What do you see?

What do you see?

“… without the making of theories I am convinced there would be no observation.” Charles Darwin (1860) in a letter to Sir Charles Lyell.

The photo image that accompanies this blog is of a hand stencil from a cave in Borneo that is now recognised to be 40,000 years old. According to the Independent in October 2014 it is 30,000 years older than originally assumed.

Scientific dating has enabled us to “prove” age beyond the human assumption. The original human assumption has framed with the context of an existing theory of human development. Such new processes are increasingly challenging our view of human development. Reframing our understanding of ourselves.

In his book “The Mind in the Cave” (Thames and Hudson, 2010) David Lewis Williams relates the story of Ruben de la Vaille who in 1660 on discovering paintings of Ibex and Oxen on cave walls in the Ariège in France signed his name on the wall and dated it.

This act of graffiti brings us back to Darwin

We don’t see what we don’t know

De la Vielle’s error was not wanton vandalism but simple ignorance. In 1660 there was no “concept” of prehistory. To him this was nothing other than relatively contemporary images; no more than some casual graffiti. And so we return to the opening quote. Absent the idea of prehistory, there was no way to make sense of the paintings on the wall.

Jeremy Lent in his (2017) book "The Patterning Instinct" traces the growth of humanity’s striving to make sense of the word around it – whether that a shamanic interpretation of the natural world around us (cave art), the omnipotent design of supreme beings or being (singular) of our different faiths and religions, or the rational explorations and proofs of science.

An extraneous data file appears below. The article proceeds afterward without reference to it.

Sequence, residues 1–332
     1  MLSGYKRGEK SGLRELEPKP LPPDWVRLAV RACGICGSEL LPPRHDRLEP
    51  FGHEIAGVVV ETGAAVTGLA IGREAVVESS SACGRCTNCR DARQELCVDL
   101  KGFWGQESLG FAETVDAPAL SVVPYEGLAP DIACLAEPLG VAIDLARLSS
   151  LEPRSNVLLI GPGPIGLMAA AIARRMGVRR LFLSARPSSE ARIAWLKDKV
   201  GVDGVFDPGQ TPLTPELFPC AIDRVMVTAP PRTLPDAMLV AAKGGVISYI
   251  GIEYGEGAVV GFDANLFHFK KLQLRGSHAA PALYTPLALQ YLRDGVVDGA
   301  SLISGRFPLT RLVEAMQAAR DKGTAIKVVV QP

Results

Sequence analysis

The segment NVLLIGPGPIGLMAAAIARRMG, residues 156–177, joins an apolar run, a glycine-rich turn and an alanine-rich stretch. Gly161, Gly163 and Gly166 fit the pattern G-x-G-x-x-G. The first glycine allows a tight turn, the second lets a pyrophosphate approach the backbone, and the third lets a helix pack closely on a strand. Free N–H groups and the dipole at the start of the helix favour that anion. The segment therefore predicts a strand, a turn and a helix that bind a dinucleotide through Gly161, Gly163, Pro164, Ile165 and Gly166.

We are always seeking a pattern. And it is often those patterns that determine our interpretation.

The psychological idea of “Theory of Mind” reflects this. When I observe your behaviour, I rationalise that against my own patterns of behaviour or motivation, my theory!

The chicken or the egg

So we come back to the old philosophical question, which comes first.

What is clear is that the things exist regardless of whether we have a pattern to describe them or not. But how often do we not see them because we do not have a pattern. Or do we fit them into some other learned pattern or idea.

As an example, I work a lot in the field of Equine Facilitated Interactions. In the field of “Natural Horsemanship” there is much talk of the communication behind horses licking and chewing. When I ask people to share their observations, they often talk about “licking and chewing” behaviours. However, in nearly 15 years of doing this work I have never seen a horse lick and chew. That is not to say that they haven’t.

If you speak to me in English, there is a good chance that I will understand. If you speak to me in Russian there is a certainty that I will not. The pattern is not a familiar for me.

If an animal communicates through its body language towards me. Will I understand? More fundamentally, will I even know that it is communicating with me?

So this is the challenge posed in Darwin’s statement, is it possible to see beyond our existing frameworks? Is it possible to observe beyond our recognised patterns. And what would we see if we could?